Want to drop a few pounds, but hate that gnawing feeling of hunger? Trying a trusted diet program like Weight Watchers is one way, especially if you lean on the zero-point foods. You read that right: There are tons of free foods on the plan that'll keep those hangry feelings at bay.
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Fruits Are Free Foods
In late 2015, Weight Watchers (which recently rebranded as WW) rolled out its new SmartPoints plan, which replaced the old Points Plus system. The result? All fruits have been made zero points in an effort to encourage dieters to eat plenty of fruits and vegetables. And basically, the sky's the limit. Every kind of fresh fruit, frozen fruit and fruit canned in unsweetened juice is free.
However, if a fruit has been dried, sweetened or canned in syrup, then you'll have to count the points (sorry!). If you need some help finding fun fruits to try, check out the USDA's ChooseMyPlate fruit page.
But steer clear of the juice and smoothie fad. You'll not only have to count the points you consume in these drinks, but you could also end up consuming more. As it turns out, drinking food is not nearly as satisfying as chewing it — and science backs this up. A 2015 study in Physiology and Behavior found that those who chewed their food ate less and reported less hunger.
Most Vegetables Are Zero Points, Too
If you're a veggie lover and you're considering a weight-loss plan, keep reading. Non-starchy vegetables — such as leafy greens, carrots, tomatoes, green beans, asparagus, onions, broccoli and radishes — are all zero-point foods on the SmartPoints plan, and research proves they're the key to weight loss. According to the Centers for Disease Control and Prevention, a diet focused on fruits and vegetables (plus whole grains, low-fat dairy and lean meats) can help you cut calories.
Vegetables give you a big nutritional bang for your buck, which means you get a lot of nutrients from a small number of calories. They typically have a high water and fiber content as well, which can help you feel fuller for longer. Try adding extra veggies to your morning omelet or your favorite soup to make it more filling (for zero points!).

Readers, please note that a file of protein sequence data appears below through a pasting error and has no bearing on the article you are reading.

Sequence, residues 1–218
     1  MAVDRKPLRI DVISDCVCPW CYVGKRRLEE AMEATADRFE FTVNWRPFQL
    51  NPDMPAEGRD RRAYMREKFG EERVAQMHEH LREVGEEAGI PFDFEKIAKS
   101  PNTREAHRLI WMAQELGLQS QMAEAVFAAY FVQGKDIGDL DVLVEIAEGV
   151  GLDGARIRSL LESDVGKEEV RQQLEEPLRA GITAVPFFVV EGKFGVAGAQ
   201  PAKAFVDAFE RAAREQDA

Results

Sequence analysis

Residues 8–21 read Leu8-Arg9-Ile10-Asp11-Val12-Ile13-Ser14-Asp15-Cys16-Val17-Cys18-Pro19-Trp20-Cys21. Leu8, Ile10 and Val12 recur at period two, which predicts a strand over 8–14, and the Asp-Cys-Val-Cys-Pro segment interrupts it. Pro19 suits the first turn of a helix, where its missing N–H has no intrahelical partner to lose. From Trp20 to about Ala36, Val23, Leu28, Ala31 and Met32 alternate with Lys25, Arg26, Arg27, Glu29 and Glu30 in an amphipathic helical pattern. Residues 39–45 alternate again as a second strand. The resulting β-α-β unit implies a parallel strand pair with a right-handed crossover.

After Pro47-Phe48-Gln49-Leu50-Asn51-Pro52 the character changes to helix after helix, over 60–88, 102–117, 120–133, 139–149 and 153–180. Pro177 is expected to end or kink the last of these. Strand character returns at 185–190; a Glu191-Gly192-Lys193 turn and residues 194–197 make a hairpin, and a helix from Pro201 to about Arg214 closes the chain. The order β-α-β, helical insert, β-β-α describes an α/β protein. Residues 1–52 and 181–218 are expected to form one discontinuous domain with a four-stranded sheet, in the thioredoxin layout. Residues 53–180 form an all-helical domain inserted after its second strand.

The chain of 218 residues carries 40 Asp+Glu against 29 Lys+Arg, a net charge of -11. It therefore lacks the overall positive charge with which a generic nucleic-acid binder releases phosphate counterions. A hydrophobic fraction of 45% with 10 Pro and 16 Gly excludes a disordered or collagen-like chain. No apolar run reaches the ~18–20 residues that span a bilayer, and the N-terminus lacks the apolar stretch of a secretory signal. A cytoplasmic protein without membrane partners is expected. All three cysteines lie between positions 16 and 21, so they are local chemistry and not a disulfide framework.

But know that starchy vegetables — such as potatoes, winter squash, peas and corn — are higher in calories and are not included on the zero points list. However, these higher-calorie veggies are rich in certain nutrients, so don't cut them out completely.
Some Condiments and Snacks Are Free
If your food tastes delicious, you're more likely to stick to your eating plan, right? Well, good news: You can enjoy plenty of flavorings on WW — referred to as flavor boosters — and you can add them for zero points. Fresh and dried herbs, salsa, vinegar, hot sauce, mustard, reduced-sodium soy sauce, capers, citrus juice or zest, pickled jalapeños and unsweetened pickles are all "free" flavor boosters. Some tasty suggestions: Splash roasted veggies with balsamic vinegar, add salsa to a baked potato instead of butter and sour cream and replace mayo with vinegar for a zesty tuna salad.
A few snacks, such as sugar-free gelatin and sugar-free frozen pops, are also considered zero-point foods. And sugar-free beverages are points-free, too. Just remember that these treats might help satisfy your sweet tooth, but they don't carry any nutritional value.
Portion Size Matters on Weight Watchers
While free foods don't contribute to your points total, remember that many of them still contain calories. For instance, a medium banana contains 105 calories, and a cup of grapes has 104 calories. If you overindulge in fruit because it's a free food, those calories could add up and you could actually sabotage your weight loss. The USDA recommends that adults consume between 1 1/2 and 2 cups of fruit daily. As for veggies, aim to eat 2 1/2 to 3 cups per day.
You'll get minimal calories from the sugar-free treats and beverages on the zero points list, but overconsuming them might hinder your weight-loss efforts as well. In fact, research from the Harvard T. H. Chan School of Public Health notes that artificially sweetened beverages actually contribute to weight gain rather than weight loss, possibly because they affect the reward center in the brain differently from natural sweeteners, which results in cravings.
For the best results on the WW program, enjoy your free points foods to help stay satisfied — but practice moderation, and focus on eating only when you are truly hungry.
- Weight Watchers: "The SmartPoints Plan"
- Centers for Disease Control and Prevention: "Low Energy-Dense Foods and Weight Management: Cutting Calories While Controlling Hunger"
- Weight Watchers: "Fruit and Veggies vs. Smoothies - SmartPoints and Eating Guide"
- USDA ChooseMyPlate.gov: "All About the Fruit Group"
- Physiology and Behavior: "Effects of Chewing on Appetite, Food Intake and Gut Hormones: A Systematic Review and Meta-Analysis"
- Weight Watchers: "Top 10 Ways To Give Condiments a Flavor-Boost"
- Harvard T. H. Chan School of Public Health: "Low-Calorie Sweeteners"
- Harvard School of Public Health: Artificial Sweeteners